The Word became flesh

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Ask most Christians to quote their favourite verse and a good number will cite John 3:16. One of my favourite verses is John 1:14 ‘The Word became flesh and lived for a while among us…’ I thrill every time I read those words. God the Son chose to take the very form of a man! (Philippians 2:7) Because of his love for us he voluntarily laid aside his divine powers and became like one of us! He who existed from eternity past in unimaginable glory was willing to live for a while on this dark planet. More than that, he was prepared to suffer terribly and then be put to death in the most barbaric way so that we could have life in his name!
I don’t understand how God accomplished the feat of incarnating divinity into human frailty. Over the centuries theologians have tried in vain to explain this mystery. Most of these attempts ended in some or other heresy. Ebionism, docetism, monophysitism, applonarianism, nestorianism, kenoticism… the list goes on – one unpronounceable formulation after the other! I confess that I don’t even understand the Chalcedonian formula that Jesus was consubstantial with the Father, according to his divinity, and consubstantial with us according to his humanity. Consubstantial means ‘having the same substance’ but, to be frank, this doesn’t help me much. However, this I know – Jesus is the image of the invisible God (Colossians 1:15). I know further that God the Father was pleased to have all his fullness dwell in him (Colossians 1:19) and that Jesus is the radiance of God’s glory and the exact representation of his being (Hebrews 1:3).
I baulk at the idea of trying to explain how all this can be. We exist at present in what Einstein described as a space-time continuum. God is not limited to the dimensionality of this world. His ways are so much higher than our ways. I can’t even explain how light can simultaneously exist as both a wave and a particle. I am told on authority that it does. I choose to believe that it does. The biblical statements are clear – Jesus was and is both God and man. I choose to believe this. I feel no more need to know how God achieved this than to know how light can be both quantum and wave.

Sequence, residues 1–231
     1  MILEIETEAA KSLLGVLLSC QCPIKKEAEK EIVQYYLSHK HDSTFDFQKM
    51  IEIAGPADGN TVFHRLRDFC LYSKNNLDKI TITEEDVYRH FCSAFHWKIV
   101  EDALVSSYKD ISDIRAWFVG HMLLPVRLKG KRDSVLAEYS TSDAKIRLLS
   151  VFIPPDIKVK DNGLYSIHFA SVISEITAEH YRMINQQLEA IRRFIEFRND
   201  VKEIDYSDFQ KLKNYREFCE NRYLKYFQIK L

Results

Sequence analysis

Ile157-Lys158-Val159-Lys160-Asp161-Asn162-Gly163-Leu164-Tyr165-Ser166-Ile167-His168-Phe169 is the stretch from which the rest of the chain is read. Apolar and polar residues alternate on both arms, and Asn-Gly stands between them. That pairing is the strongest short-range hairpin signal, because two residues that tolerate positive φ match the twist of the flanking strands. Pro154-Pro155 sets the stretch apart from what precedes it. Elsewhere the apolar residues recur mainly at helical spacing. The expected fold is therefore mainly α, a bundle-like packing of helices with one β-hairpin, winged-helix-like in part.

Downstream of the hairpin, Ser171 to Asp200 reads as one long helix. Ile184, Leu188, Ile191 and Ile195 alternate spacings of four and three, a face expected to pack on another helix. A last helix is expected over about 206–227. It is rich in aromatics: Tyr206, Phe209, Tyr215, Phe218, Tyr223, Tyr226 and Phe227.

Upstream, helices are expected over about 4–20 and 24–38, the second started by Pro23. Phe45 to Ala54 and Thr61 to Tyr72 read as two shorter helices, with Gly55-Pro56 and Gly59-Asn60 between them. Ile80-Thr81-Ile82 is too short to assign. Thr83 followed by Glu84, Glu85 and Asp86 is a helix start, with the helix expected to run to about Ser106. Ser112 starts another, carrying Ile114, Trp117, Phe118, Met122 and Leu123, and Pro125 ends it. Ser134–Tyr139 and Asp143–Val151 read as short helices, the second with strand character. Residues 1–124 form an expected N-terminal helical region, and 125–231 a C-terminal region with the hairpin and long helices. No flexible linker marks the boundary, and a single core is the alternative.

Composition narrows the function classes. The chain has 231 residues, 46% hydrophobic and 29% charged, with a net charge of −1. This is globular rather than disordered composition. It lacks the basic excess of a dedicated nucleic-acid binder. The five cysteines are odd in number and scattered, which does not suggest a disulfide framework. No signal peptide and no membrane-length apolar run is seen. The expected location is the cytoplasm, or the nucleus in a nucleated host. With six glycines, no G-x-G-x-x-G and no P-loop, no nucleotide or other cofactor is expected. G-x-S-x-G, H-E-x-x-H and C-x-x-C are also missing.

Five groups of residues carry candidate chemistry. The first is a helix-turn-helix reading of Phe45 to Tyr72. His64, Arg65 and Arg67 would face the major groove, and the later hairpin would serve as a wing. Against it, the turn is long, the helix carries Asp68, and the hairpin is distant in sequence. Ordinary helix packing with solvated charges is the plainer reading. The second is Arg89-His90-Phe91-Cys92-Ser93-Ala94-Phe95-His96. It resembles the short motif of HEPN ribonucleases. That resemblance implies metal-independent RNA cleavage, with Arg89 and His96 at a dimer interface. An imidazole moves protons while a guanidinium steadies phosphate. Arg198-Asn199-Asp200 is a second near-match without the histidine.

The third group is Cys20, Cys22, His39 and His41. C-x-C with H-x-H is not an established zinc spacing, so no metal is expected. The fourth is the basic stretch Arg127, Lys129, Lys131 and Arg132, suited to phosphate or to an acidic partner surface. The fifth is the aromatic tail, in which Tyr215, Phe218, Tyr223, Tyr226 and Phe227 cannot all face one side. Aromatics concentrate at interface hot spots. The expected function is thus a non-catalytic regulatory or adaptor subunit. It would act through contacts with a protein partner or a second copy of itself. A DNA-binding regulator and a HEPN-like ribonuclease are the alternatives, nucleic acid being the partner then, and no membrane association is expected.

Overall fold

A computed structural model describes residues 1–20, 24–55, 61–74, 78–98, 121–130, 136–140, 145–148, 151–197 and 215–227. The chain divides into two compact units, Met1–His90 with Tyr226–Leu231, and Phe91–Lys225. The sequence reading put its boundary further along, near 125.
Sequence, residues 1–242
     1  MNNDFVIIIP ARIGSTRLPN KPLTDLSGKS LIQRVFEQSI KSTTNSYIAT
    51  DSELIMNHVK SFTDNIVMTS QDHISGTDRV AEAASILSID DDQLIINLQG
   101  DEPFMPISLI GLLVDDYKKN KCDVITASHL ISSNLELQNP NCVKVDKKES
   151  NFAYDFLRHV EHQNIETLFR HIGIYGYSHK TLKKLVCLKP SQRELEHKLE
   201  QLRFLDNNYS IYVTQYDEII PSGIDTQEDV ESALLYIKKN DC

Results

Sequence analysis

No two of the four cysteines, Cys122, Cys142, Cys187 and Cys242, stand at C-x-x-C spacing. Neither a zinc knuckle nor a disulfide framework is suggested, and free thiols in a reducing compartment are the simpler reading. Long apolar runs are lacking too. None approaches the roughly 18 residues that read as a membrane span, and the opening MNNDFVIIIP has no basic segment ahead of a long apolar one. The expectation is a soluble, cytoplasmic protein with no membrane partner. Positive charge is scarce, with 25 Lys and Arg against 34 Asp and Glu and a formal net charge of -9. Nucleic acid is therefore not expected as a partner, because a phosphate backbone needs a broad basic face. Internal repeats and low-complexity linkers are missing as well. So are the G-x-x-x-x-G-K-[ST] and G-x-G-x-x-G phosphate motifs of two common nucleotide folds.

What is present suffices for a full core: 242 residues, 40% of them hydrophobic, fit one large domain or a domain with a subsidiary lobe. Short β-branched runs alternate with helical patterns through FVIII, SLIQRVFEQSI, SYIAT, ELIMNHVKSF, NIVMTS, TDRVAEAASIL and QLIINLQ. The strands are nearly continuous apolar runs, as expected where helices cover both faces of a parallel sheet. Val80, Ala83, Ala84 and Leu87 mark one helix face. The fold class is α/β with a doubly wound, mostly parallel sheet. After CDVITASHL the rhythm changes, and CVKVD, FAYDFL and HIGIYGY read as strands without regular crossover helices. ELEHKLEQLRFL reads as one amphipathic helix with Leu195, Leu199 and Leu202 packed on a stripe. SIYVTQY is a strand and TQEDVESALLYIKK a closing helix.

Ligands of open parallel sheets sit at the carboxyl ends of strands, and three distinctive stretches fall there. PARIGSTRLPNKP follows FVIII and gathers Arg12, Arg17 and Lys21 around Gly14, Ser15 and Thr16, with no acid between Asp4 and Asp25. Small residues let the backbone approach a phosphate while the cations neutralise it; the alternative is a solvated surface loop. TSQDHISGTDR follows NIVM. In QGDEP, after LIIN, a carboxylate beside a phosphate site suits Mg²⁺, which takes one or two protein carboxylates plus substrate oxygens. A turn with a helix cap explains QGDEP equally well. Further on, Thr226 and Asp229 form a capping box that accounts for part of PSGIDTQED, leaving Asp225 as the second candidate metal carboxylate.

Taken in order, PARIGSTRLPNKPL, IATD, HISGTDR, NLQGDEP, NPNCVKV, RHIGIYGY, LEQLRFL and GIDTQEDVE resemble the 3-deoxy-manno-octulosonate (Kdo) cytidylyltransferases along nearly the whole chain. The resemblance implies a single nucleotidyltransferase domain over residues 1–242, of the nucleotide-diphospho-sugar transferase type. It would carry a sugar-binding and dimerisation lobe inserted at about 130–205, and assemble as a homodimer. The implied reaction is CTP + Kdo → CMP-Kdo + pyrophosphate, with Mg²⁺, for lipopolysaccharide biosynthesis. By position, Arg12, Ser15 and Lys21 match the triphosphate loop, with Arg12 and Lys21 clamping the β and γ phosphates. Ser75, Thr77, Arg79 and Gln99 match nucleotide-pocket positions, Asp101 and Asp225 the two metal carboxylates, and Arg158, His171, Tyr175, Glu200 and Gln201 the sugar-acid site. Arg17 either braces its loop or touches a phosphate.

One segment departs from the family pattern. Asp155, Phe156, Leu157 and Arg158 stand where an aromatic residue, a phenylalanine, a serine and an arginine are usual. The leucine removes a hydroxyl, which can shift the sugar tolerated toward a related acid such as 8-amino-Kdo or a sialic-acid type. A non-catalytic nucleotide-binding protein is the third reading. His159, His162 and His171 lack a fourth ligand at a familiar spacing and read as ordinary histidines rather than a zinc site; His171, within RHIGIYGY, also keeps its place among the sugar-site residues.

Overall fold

Just when did this miraculous union of God and man take place? Most scholars are unanimously of the opinion that it didn’t happen on the 25th December. A far more probable date is Jewish New Year of 3 BC. However, the Holy Spirit chose not to record Jesus’ birthday. Perhaps so that we would not overemphasize his humanness to the detriment of our appreciation of his divine pre-existence.
It is quite popular in some church circles to scorn December 25th. We are told that it was an ancient pagan ‘holy’ day and that we shouldn’t associate ourselves with it. But allow me to let you into a secret. It seems that something very special did happen on 25th December 2 BC. On that day, fifteen months after the birth of the messiah, wise men from the East arrived at a little village called Bethlehem. Any of the computerised astronomy programmes available will confirm that on that night there was a significant stellar event. The planet Jupiter reached the end of its procession through the heavens and appeared to stand still in the constellation of Virgo. From the vantage point of Jerusalem the planet would have seemed to be hovering brightly over Bethlehem! That same planet, which the ancients called a wandering star, was in conjunction with Regulus in the constellation of Leo fifteen months earlier. Jupiter was the king of the gods in the Roman pantheon. Regulus was a royal star of the Persians, and Leo was the constellation of kings and was particularly associated with the tribe of Judah.
What thrills me about Christmas is that on that day the world still comes to bow before the king of kings, the Lord Jesus Christ! Two thousand years ago the Magi brought him their worship and gifts. Their modern counterparts are still doing so to this day. Every Christmas the churches, all over the world, are filled with politicians, bankers, scientists, and scholars. Many of them don’t come near a church building at other times of the year, but on December 25th they flock in to sing carols of worship and to drop their money into the collection bag. One of the hymns sung in most churches on this special day is ‘Hark the herald angels sing’. Its second verse contains the words ‘…veiled in flesh the Godhead see; Hail the incarnate deity! Pleased as man with men to dwell, Jesus, our Immanuel.’
Immanuel means ‘God with us’. The wonder of the incarnation is that God came to be with us. Through the Holy Spirit he is still with us. Because he came, we can be with him, both now and eternally.
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